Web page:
- The fallout will hurt the company’s reputation drastically. This is a difficult item to earn back from the public or customers overall. You can’t put a price on trust.
- Employees will be tied up dealing with the recall by assembling and shipping products that at a profit loss, further hurting the bottom line.
The Cost of a Major Food Recall
The cost of recalls varies depending upon the size of the company and the number of units affected. For example, the Jif peanut butter recall announced by the J.M. Smucker Company in May of 2022 cost the brand $125M between manufacturing downtime, consumer refunds, and the recovery of contaminated products.
After Abbott dealt with its Similac baby food recall, the major brand’s entire pediatric nutritional sales took a gigantic hit.
Earnings showed U.S. pediatric nutritional sales of $308 million, which is a $170 million drop from the same period of the previous year. Because it borrowed plant capacity from other products to meet demands for infant formula downtime, there were lower sales across different divisions for multiple quarters afterward, and analysts say that the recall cost the company at least $325M.
The Best Way to Handle the Regulation That Isn’t Stopping
Already heavily regulated food and beverage businesses must also account for increased regulatory pressure. Scrutiny and liability throughout the supply chain have become a virtual crisis for the food and beverage industry. According to the FDA, roughly 48 million Americans get sick yearly from some form of food-borne illness, and 3,000 people die from that annually.
These illnesses and death are why national, state, and local regulations are constantly changing. It is legally imperative that food and beverage manufacturing companies consistently keep up to date with policies and adjust facility management approaches to stay compliant.
Food and beverage plants, along with all their individualized locations, need to make sure that they are standardizing best practices but also tailoring their facility management approach to meet individual site needs and nuances.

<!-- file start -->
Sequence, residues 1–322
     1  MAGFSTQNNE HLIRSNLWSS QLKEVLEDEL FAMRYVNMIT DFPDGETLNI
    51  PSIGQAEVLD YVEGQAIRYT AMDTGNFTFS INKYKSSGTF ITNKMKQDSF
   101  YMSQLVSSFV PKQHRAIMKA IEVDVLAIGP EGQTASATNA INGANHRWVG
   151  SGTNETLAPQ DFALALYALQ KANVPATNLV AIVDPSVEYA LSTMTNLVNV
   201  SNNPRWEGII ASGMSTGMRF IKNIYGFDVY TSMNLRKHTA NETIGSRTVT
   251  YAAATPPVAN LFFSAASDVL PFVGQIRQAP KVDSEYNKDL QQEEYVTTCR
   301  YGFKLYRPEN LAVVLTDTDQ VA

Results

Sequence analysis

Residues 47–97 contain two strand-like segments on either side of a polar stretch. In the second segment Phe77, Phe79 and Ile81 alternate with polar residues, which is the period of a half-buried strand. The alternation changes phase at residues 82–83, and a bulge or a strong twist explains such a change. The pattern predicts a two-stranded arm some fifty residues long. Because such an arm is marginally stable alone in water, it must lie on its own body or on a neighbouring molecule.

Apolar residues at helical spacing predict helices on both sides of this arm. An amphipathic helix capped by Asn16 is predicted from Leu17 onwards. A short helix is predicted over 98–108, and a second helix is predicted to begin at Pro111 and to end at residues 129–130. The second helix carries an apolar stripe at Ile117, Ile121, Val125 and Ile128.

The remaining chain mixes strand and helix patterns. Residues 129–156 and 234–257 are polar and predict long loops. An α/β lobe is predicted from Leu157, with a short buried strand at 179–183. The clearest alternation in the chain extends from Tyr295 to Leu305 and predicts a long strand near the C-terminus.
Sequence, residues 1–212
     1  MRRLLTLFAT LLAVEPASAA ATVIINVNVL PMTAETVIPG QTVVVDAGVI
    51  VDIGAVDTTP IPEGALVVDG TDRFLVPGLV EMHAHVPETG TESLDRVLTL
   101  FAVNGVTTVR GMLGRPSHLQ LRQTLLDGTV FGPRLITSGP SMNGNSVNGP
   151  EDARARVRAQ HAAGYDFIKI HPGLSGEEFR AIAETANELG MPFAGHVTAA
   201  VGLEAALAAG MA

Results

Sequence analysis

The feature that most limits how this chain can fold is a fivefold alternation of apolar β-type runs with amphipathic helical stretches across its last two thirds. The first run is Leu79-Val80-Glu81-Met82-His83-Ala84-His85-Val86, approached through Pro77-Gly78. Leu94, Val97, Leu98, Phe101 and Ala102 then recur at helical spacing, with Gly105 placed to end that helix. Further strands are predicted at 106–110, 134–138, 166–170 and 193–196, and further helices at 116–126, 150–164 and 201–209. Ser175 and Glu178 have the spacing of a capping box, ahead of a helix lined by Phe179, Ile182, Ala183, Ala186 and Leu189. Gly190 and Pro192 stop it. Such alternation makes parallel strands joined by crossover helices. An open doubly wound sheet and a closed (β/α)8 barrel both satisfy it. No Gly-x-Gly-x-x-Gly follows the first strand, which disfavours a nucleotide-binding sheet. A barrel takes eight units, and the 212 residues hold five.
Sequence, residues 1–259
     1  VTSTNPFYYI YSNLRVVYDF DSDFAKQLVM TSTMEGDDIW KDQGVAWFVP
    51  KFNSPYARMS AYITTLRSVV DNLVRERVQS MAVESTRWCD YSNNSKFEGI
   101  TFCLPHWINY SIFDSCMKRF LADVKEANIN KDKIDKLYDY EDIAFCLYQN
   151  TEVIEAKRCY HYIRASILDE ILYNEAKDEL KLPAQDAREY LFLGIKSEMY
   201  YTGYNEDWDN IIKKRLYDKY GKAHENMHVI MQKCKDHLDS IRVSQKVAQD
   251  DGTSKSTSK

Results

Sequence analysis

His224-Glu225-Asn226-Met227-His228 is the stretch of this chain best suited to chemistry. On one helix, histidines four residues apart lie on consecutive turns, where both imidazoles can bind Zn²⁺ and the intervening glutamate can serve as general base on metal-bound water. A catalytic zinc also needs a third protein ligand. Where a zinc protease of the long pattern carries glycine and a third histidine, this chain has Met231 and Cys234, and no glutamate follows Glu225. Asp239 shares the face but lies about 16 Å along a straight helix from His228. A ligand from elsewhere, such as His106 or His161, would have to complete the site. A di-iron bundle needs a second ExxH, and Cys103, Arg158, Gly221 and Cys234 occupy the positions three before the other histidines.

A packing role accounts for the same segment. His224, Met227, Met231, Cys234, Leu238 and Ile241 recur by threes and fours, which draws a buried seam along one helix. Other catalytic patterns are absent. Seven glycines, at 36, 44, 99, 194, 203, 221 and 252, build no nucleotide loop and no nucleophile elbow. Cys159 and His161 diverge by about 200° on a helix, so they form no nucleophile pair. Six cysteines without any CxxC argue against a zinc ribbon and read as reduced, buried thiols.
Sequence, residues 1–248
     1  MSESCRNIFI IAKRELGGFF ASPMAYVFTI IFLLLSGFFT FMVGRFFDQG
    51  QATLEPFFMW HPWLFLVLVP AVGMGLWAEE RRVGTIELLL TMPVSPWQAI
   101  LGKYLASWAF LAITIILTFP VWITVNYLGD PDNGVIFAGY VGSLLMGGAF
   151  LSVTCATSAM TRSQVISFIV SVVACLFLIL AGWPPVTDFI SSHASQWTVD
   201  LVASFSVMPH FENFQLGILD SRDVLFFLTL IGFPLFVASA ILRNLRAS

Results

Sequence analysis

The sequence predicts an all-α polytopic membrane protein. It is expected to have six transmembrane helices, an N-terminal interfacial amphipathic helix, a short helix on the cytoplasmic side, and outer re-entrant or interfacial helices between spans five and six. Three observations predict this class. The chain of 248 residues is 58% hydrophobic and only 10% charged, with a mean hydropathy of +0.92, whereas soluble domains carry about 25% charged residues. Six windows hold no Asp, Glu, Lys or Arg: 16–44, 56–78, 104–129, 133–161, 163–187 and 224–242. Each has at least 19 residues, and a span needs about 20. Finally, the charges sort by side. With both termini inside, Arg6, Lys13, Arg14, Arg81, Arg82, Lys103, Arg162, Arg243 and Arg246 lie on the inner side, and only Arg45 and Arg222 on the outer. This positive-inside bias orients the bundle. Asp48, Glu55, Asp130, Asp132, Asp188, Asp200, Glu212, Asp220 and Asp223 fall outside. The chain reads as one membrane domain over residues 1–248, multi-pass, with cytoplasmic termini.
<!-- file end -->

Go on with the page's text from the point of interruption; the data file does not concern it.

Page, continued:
Unfortunately, many in-house teams and national providers take a blanket approach to maintenance and commercial cleaning. This approach does not protect factories, warehouses, and distribution centers from risk. A more specialized approach is required as legislation is shifting the focus on foodborne illness from response to prevention.
Industry Employee Churn Continues to Cause Even More Issues
In addition to regulations and the increased possibility of a recall, the food and beverage industry is continually challenged with labor issues in their plants, warehouses, and distribution centers. For the present and foreseeable future, trending topics with food and beverage leaders will continue to be labor shortage, the quality of available labor, and increasing capacity with automation while navigating a worker shortage.
Therefore, production, maintenance, warehouse, and distribution center employees or providers typically categorized as “low wage” remain critical to food and beverage manufacturing.
But as we’ve seen after the Covid-19 pandemic, food and beverage manufacturers have had trouble bringing workers back into supply chain facilities. Can the lack of available staff be leading to increases in recalls as facilities are not getting the consistent, reliable service that’s needed to have a clean, safe, and efficient environment ensuring product quality and that products are shipped on time, in full?
In short, the answer is, “yes.”
Not only can the labor issues be linked directly to the increase in recalls, but it’s also hurting the margins of food and beverage manufacturers.